Babies are known to seek comfort from sucking their thumb. Even in the womb, babies have been discovered through ultrasound also to suck their thumbs. Although this habit is perfectly natural in infants and toddlers, it gets to a point where it becomes awkward and potentially detrimental to oral health to continue in this practice.
At around age 2-4, most children give up the tongue sucking habit. Continuing in this habit after the eruption of permanent teeth is dangerous. It could lead to significant misalignment of the teeth and cause the shape of the jaw to change. Various reasons exist as to why a seemingly harmless habit could cause such damage.
The jaws of children under eight years are highly vascularized and developing, and also they are flexible. When the thumb continually exerts pressure on these relatively soft and supple bones, it could lead to the deformation of the lower and upper front teeth. The deformation could be higher in children who vigorously suck their thumb.
Persistent sucking of the thumb will cause the lower front teeth to move inwards and the upper front teeth to push outwards. It can also cause the upper jaw to push forward while impairing the growth of the lower jaw. All this could lead to several problems such as teeth misalignment, open bite, crossbite, among others. Therefore, the habit must be stopped at the appropriate time.
Managing Thumb Sucking
Harmful habits, such as thumb sucking, are challenging to break. Parents have adopted several strategies in trying to make their children drop the habit. They have tried things like rubbing bitter substances on their thumb, wearing gloves on their hands and sometimes talking to them about it. Although these strategies are successful sometimes, in most cases, the urge to suck the thumb seems irresistible.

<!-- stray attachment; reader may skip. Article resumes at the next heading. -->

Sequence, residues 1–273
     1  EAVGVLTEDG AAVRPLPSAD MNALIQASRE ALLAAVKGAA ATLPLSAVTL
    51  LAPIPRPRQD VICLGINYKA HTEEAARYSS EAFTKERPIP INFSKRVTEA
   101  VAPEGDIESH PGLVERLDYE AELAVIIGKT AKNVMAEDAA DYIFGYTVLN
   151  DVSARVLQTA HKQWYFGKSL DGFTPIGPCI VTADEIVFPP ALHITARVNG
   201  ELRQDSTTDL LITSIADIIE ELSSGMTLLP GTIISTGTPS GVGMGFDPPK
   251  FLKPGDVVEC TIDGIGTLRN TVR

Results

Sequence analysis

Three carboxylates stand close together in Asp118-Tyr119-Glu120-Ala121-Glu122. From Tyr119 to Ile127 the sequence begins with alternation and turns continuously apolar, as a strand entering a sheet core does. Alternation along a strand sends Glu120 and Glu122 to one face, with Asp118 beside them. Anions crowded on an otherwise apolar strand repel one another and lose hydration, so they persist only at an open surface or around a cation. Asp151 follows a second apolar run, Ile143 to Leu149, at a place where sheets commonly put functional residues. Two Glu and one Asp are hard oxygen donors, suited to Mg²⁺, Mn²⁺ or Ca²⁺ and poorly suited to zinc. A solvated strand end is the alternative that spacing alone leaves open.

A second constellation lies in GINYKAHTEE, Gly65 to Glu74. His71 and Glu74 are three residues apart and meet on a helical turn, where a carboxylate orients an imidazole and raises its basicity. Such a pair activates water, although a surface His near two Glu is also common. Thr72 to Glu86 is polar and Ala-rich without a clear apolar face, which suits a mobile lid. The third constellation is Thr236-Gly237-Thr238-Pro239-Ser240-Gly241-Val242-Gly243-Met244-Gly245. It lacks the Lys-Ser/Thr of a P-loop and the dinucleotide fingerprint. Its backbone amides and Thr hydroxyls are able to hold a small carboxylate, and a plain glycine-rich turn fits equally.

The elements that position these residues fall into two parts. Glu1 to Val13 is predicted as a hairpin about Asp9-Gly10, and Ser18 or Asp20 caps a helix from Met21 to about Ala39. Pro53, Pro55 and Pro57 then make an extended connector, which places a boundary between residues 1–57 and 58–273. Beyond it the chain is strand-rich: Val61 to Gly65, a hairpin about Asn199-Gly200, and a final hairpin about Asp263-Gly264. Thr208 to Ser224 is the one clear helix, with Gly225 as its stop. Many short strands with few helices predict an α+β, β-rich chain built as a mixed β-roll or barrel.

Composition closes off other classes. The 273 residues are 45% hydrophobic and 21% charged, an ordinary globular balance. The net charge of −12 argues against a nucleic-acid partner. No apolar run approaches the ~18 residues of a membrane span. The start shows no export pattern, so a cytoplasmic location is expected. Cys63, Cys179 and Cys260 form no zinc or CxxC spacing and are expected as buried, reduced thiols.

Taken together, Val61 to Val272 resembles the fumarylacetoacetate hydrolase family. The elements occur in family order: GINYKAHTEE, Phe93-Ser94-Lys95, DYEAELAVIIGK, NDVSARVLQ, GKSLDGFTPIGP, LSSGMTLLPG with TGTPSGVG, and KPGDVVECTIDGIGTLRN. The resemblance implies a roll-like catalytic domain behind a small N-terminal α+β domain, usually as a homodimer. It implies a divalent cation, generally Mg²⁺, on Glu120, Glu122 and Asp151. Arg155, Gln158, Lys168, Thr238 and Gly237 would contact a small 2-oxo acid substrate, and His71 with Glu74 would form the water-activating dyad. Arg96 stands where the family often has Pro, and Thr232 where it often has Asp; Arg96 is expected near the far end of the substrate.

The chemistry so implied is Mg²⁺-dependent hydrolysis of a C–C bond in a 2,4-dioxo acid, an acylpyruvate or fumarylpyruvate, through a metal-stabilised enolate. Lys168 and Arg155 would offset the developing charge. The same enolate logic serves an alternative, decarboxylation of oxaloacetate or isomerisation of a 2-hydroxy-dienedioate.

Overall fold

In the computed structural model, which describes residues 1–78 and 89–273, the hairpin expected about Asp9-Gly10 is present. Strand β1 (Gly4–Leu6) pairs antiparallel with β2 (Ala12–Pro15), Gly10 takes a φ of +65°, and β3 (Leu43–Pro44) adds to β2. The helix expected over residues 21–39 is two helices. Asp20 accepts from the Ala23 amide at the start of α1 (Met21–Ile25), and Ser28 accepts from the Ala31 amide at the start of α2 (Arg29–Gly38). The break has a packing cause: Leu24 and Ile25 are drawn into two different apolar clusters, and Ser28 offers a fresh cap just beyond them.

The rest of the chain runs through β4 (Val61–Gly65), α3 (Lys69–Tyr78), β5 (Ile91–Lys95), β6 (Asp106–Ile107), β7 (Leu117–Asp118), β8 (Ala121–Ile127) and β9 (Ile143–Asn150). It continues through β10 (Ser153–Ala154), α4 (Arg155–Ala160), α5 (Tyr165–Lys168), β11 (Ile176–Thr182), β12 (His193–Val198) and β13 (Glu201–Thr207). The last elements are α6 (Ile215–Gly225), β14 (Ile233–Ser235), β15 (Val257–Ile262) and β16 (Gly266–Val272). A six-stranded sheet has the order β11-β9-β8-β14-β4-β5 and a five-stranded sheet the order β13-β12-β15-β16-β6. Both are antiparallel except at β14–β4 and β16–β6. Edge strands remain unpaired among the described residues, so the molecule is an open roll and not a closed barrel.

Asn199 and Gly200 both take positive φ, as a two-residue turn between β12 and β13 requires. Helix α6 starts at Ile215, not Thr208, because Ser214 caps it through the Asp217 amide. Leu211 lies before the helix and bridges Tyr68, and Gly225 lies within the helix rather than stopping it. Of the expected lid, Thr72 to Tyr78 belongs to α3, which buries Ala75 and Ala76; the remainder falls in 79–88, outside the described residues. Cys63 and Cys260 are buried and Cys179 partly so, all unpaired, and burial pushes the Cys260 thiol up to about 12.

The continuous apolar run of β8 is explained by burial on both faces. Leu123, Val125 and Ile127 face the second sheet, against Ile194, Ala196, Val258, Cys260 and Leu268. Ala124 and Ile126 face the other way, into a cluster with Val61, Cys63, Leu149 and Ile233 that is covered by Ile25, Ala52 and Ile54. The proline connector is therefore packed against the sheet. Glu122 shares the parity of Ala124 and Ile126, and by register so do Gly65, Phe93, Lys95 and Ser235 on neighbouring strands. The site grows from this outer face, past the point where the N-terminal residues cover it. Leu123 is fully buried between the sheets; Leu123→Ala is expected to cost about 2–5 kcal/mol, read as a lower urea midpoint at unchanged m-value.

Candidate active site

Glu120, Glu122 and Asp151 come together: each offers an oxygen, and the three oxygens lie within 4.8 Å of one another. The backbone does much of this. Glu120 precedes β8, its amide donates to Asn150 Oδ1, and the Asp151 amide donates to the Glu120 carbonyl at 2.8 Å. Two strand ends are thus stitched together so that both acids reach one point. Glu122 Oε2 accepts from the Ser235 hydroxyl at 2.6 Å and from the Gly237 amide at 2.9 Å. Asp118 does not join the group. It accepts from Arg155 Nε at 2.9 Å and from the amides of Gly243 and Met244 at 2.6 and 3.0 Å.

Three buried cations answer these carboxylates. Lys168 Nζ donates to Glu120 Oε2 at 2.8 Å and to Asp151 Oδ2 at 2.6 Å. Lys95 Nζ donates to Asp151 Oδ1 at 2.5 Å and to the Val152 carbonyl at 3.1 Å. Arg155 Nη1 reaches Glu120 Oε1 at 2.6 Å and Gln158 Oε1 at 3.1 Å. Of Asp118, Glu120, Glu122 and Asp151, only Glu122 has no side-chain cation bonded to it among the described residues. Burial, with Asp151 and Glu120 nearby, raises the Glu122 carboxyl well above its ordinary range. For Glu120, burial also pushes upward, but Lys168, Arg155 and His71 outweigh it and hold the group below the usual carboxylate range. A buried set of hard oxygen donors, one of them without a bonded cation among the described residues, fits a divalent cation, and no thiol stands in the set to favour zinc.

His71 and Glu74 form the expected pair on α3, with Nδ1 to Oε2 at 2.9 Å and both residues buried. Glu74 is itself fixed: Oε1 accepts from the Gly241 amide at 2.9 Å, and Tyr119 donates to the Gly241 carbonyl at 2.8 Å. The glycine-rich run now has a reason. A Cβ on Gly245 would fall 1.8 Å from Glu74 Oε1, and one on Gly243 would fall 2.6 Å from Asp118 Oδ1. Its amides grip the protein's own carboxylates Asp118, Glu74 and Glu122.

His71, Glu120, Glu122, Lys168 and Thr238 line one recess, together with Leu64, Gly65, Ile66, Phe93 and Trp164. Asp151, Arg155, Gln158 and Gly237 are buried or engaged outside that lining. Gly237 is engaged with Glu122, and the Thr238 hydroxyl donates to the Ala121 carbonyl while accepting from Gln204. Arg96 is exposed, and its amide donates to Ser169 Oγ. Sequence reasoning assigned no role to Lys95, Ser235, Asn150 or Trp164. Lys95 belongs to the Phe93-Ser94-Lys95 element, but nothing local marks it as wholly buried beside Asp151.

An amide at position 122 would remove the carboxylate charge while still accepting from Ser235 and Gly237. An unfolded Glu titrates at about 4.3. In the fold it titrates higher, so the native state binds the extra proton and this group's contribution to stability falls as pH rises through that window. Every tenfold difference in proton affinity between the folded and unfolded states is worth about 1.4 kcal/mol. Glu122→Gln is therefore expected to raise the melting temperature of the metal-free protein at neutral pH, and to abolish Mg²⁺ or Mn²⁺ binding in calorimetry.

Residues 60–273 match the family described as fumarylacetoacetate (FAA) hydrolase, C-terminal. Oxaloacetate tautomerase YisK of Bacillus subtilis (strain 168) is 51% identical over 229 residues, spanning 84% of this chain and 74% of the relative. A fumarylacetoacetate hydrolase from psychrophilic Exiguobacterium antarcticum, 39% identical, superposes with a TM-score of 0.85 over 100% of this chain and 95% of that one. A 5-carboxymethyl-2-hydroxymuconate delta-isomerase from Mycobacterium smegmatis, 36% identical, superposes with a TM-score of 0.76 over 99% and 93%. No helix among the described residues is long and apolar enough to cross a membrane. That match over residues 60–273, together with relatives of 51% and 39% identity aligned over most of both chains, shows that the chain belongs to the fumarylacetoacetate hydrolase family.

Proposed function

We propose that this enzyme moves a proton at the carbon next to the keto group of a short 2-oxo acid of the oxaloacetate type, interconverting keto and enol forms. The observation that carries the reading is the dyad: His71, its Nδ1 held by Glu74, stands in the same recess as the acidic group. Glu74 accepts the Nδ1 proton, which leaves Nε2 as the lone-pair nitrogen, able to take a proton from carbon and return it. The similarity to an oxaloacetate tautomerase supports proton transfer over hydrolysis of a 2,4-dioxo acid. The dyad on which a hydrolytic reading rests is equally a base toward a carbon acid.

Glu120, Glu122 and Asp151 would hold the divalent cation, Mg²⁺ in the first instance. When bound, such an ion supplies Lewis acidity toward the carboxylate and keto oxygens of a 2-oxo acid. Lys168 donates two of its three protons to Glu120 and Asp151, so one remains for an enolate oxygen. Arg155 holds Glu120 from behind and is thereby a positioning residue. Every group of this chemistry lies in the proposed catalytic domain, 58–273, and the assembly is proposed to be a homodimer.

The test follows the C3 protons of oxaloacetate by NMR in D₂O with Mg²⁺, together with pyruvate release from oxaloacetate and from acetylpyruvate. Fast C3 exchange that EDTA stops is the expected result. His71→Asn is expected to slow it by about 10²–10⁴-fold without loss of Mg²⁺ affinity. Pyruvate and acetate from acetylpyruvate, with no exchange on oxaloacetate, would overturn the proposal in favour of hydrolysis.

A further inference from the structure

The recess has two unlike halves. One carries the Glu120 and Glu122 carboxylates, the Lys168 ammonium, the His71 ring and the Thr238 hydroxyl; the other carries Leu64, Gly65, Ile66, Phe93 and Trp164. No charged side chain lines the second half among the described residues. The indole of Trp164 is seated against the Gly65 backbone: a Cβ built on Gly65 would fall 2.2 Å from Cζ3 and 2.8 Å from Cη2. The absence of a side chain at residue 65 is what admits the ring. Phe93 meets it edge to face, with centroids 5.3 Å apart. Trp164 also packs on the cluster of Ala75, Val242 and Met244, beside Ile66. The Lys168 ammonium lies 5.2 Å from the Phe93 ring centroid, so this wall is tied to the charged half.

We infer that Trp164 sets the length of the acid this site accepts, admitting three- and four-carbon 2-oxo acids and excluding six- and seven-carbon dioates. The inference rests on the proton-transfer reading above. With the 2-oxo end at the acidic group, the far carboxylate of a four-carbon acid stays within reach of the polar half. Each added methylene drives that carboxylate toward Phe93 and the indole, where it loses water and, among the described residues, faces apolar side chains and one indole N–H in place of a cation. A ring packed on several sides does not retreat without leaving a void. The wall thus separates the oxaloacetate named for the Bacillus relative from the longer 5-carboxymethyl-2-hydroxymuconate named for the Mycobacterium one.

If after three years of age, you are unable to stop your child from dropping the thumb sucking habit, then it is best to consult a dental professional. There are habit devices such as fixed palatal crib which will help curb the practice. The palatal crib is worn inside the mouth.
A palatal crib consists of semicircular wires. These wires prevent the thumb from touching the gum at the back of the front teeth. The pleasure in thumb sucking seems to go away with the prevention of the thumb from reaching the back of the front teeth. Eventually, the child drops the habit as they no longer derive pleasure from it.
Getting and Using a Habit Appliance
The first step in getting your child a habit device involves a thorough investigation of the child. Images, X-rays, and dental impression of their mouth is taken. With this information, custom made palatal crib is made and then placed at a later appointment. The device usually is used for months, under regular monitoring.
Wearing the crib does not cause any pain. But the upper back teeth could become sore for a few hours after first installing it. It could also make it a little bit difficult to fall asleep for a day or two. During the period the device is worn, keep away from anything that can cause the device to become loose. The child needs extra attention and care during this period.
Tongue thrusting is also very common in young children. In infants, it is part of the way they swallow. Like thumb sucking, tongue thrusting is a perfectly natural habit which goes away on its own. If by age six, the practice continues, it could lead to similar problems as those caused by thumb sucking. A fixed palatal crib can also help control this habit.